The arch has been here for nearly 2,000 years, carefully rehabilitated and maintained since 1936. This occurred during the time of the Italian Fascists, under the dictator Mussolini. They tried to relive and revive the glory of the Roman Empire
It is hard to miss the inscription of time that can be seen in the crumbling limestone, the material of the arch.
Notice the crown of the arch. It contains a carving depicting the treasures from the looting of the Temple, including the seven-branched Menorah that was in the Temple and which, with the establishment of the State, became the official symbol of the State of Israel.
This impressive arch is one of Rome's most famous symbols today, notable for its beauty and spectacular design. Simultaneously, it’s hard to ignore that it depicts the downfall of the Jewish nation and the exile they suffered for nearly 2,000 years.
The Arch of Titus, built as an arch of triumph and glorifying Titus' victory, presents, among other things, engravings which convey the story of the Roman victory. Among other things, it depicts the ravaging of Jerusalem after the destruction of the Second Temple and the conquest of Jerusalem by the Romans. If anyone has any doubt, the Latin inscription reads: "Details from the Arch of Titus describing the plunder and the loot from Jerusalem."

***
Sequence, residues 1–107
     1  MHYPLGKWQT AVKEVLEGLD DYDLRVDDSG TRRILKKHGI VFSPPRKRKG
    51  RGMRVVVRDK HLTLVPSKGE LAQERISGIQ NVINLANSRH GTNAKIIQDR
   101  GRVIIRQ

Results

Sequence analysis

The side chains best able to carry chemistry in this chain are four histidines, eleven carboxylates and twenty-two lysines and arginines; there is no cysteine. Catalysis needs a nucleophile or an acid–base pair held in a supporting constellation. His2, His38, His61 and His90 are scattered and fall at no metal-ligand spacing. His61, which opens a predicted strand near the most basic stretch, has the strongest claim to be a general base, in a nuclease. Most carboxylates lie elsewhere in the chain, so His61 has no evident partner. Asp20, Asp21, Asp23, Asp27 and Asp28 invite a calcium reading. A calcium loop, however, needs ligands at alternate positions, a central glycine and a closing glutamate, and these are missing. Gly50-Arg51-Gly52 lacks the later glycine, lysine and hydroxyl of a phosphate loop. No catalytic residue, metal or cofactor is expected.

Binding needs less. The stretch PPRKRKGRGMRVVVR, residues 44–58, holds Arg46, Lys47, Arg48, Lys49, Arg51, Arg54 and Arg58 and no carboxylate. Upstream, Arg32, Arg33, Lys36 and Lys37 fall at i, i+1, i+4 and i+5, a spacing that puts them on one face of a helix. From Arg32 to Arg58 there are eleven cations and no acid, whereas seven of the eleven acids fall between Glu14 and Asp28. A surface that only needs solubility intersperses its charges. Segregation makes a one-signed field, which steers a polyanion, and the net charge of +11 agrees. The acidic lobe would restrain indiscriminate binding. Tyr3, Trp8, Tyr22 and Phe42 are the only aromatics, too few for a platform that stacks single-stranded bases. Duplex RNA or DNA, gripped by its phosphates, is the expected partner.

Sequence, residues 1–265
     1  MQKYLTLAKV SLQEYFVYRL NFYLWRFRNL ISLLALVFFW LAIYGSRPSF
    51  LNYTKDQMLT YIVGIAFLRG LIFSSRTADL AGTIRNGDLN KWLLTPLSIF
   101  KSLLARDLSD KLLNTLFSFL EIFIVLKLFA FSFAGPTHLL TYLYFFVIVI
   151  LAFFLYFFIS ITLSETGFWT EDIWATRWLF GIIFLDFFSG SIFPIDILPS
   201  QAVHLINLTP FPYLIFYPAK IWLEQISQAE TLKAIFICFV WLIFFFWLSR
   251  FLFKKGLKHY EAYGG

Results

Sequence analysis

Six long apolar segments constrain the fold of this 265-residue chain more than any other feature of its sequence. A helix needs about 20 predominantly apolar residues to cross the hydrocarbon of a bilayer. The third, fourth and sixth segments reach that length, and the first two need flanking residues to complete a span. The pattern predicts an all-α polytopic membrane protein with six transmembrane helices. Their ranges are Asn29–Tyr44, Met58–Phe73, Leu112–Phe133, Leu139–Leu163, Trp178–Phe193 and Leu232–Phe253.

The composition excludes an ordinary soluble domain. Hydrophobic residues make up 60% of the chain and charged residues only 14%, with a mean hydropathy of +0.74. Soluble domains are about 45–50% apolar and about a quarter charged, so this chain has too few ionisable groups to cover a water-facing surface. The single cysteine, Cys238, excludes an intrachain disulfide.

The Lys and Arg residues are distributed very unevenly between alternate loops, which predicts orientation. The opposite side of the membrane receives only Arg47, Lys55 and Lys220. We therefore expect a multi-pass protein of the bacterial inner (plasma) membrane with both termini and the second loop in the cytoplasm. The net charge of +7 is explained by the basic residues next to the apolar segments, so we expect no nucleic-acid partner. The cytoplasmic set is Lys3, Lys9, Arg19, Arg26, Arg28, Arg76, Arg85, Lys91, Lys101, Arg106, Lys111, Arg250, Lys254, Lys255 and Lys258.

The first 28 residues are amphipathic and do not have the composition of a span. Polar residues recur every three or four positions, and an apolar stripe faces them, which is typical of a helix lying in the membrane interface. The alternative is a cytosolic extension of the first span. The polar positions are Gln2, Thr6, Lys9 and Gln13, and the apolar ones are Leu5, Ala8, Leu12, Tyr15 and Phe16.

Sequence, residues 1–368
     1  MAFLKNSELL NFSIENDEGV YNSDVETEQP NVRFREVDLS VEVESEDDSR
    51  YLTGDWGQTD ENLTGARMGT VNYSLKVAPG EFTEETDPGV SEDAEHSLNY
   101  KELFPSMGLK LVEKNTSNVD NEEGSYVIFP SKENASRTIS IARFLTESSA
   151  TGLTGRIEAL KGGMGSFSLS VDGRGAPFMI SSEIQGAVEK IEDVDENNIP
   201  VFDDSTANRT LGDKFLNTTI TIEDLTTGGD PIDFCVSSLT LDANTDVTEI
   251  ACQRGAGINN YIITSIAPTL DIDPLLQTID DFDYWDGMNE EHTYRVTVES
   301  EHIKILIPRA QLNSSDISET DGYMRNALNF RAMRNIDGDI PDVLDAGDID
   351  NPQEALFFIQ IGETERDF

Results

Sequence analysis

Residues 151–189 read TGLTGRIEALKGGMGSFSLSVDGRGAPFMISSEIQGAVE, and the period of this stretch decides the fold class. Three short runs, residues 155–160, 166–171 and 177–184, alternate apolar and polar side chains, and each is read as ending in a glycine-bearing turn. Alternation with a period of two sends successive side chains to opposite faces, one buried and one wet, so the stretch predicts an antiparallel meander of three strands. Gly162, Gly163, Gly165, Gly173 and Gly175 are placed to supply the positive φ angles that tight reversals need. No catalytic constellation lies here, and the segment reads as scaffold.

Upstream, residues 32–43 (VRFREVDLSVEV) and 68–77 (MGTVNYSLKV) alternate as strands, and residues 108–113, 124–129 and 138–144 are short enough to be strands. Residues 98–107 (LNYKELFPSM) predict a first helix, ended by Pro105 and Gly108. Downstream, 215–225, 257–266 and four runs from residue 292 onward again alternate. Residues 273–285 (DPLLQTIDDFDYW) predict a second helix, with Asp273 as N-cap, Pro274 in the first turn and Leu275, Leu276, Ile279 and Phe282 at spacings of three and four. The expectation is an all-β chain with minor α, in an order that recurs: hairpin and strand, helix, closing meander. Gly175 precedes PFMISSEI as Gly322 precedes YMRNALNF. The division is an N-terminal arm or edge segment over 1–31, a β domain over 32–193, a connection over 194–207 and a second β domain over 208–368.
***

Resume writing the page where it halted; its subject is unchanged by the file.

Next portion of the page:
However, a very special fact about the Arch of Titus is that it constitutes the only clue as to the fate of the menorah of the Jewish Temple. The pictures on the stone are of Jewish prisoners, led to Rome, carrying the Menorah of the Temple, the Golden Altar and even musical instruments - all from the Temple in Jerusalem.
For centuries, the Jews of Rome did not pass under this gate, a remnant of the shame of exile and the Jewish destruction. Only in the first half of the 20th century, in Italy's Fascist era, did Italian dictator Mussolini order it to be done. As someone who saw Titus' victory gate as part of the greatness of the Italian people and the glory of the Roman Empire that preceded him, he wanted the gate to glorify Fascist Rome and have the glory of the past project onto it.